What a lot of fun we’re having right now in South Africa, hey? With the World Cup fading into a yellowy-sepia tone, we’ve been given a rampaging-tiger-on-the-loose drama to hook into.
What a jolly jape. What a rollicking rumpus. What a rip-roaring reality show. What a complete poephol Goosey Fernandes is.
Goosey Fernandes. That tells you all you need to know. Would you buy a used car from an oke called Goosey Fernandes? Would you open your mouth to a dentists who drills by the name of Goosey Anything? I wouldn’t. The man is clearly an idiot.
Who keeps a tiger in his backyard? And then sticks him on the back of a bakkie to take him to the vet? Only a guy called Goosey.
So Panjo, for that is the name given to Goosey’s pet “cat”, jumped off the bakkie, swung by the local Wimpy, didn’t fancy a double cheeseburger and fries and disappeared. Any well brought-up and obedient domesticated animal would have reported itself missing to Sergeant Kriel at the copshop but not Panjo.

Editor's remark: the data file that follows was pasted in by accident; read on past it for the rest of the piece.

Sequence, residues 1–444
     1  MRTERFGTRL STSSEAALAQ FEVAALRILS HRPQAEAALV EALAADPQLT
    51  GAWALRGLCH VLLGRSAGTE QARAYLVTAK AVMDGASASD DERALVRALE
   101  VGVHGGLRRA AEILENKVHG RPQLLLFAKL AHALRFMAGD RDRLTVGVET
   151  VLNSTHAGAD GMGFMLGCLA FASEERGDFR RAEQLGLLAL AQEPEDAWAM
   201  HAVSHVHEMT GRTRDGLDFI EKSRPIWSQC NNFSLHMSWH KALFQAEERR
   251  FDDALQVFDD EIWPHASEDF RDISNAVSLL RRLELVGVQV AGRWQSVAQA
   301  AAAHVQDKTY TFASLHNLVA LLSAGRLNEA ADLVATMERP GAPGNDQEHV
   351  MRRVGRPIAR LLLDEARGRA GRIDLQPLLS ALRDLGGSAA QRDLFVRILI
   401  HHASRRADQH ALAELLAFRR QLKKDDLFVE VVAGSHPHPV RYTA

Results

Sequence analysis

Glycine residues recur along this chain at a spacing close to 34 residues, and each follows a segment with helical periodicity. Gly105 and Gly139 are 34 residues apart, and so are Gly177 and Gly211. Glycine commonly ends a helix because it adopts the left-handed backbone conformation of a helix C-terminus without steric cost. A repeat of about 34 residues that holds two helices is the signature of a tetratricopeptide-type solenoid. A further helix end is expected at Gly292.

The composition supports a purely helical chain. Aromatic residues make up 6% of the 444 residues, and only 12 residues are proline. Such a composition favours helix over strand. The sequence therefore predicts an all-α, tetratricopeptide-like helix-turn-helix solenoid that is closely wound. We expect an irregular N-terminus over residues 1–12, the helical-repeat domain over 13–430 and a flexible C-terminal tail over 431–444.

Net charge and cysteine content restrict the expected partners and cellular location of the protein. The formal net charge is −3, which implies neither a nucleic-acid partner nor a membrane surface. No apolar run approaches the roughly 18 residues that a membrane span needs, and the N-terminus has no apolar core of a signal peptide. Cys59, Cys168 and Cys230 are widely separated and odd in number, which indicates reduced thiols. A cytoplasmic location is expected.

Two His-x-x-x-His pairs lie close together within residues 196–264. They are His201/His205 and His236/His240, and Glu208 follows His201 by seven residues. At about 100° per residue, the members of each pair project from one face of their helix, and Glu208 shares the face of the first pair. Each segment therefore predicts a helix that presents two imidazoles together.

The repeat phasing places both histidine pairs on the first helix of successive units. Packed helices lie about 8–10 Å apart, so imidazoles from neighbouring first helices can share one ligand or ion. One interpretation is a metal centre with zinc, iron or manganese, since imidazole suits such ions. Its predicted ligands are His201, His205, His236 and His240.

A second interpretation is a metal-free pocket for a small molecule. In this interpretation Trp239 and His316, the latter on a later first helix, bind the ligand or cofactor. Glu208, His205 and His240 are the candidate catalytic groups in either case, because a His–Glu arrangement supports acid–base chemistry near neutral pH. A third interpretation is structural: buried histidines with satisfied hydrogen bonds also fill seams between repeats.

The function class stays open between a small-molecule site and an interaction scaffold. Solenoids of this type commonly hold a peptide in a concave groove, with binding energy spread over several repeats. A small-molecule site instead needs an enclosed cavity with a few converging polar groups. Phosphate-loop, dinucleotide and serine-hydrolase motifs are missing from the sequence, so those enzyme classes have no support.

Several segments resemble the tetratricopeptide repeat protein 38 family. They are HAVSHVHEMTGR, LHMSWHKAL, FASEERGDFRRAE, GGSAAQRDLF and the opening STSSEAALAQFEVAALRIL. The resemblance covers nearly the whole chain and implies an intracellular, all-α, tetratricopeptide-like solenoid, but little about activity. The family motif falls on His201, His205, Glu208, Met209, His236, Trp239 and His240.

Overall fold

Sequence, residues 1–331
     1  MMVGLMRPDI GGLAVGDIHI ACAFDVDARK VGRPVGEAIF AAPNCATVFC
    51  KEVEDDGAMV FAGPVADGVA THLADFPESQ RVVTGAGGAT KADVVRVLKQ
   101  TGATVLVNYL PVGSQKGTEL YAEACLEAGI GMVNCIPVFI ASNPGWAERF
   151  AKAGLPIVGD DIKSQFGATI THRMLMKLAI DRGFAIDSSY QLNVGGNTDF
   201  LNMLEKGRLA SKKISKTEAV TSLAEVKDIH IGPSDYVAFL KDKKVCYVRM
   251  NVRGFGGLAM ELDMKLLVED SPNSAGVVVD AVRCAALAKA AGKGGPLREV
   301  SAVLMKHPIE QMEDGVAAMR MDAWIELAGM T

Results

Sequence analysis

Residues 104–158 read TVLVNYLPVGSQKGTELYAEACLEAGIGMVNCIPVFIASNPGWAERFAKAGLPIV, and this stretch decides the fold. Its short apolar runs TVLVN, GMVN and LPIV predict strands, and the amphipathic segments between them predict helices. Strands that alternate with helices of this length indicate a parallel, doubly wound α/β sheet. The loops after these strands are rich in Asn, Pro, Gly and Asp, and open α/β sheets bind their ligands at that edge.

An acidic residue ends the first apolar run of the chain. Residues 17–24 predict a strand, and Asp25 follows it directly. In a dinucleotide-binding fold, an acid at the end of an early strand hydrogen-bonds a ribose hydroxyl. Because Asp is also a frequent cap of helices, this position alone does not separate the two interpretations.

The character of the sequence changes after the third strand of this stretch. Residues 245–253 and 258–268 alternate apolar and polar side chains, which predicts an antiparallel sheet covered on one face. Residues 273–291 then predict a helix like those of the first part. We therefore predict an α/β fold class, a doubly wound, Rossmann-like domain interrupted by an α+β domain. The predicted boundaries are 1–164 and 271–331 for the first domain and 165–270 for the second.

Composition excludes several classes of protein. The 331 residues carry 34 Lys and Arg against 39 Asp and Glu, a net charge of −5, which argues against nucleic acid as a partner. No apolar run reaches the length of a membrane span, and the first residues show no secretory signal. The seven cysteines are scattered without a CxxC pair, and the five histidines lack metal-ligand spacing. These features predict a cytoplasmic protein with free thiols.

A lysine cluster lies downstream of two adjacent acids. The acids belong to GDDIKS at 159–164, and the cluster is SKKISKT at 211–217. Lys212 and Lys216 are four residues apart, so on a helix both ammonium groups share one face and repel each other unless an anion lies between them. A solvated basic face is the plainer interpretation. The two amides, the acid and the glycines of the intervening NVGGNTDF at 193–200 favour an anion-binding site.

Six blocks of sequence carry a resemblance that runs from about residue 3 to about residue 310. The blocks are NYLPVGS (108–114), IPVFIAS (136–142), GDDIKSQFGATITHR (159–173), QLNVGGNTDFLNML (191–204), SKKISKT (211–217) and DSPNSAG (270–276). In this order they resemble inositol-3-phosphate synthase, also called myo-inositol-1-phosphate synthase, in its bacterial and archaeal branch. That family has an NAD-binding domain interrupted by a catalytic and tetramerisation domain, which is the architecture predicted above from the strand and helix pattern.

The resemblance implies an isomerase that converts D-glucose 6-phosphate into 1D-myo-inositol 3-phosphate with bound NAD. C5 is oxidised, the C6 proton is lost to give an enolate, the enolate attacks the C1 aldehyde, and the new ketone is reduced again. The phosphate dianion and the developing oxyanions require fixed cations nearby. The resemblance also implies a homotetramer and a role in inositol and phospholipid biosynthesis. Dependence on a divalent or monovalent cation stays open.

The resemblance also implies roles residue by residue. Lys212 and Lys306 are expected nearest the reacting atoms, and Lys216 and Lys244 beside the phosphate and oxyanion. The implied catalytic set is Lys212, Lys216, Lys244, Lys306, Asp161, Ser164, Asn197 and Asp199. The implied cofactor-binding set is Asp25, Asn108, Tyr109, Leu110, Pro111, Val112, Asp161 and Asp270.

Panjo, all zenned out, enjoys a little treehugging while waiting for his fave dish of chicken a la king
I wonder why? Could it be that Panjo the tiger is not a domestic pet? Wait. Let me mull over that possibility. Sure, Goosey enjoyed delusions of making him one but, no, tigers are not meant to kept in cages in some nutter’s back garden. Or in his bedroom for that matter.
Sorry to be pious or in any way paraat - or to spoil the sport of the media and those on Twitter and facebook who are having a field day with the elusive Panjo – but tigers belong in the wild. Duh. And if that’s not possible – and we humans have made it so – then in a proper facility where wild animals like Panjo can be looked after in the best possible way.
I don’t want to give others who live on Planet Goosey any bright ideas but would you keep a Great White shark in your swimming-pool? Would you keep an elephant in your TV room? Not if you wanted a decent view of The Animal Planet, you wouldn’t. Oh, never mind.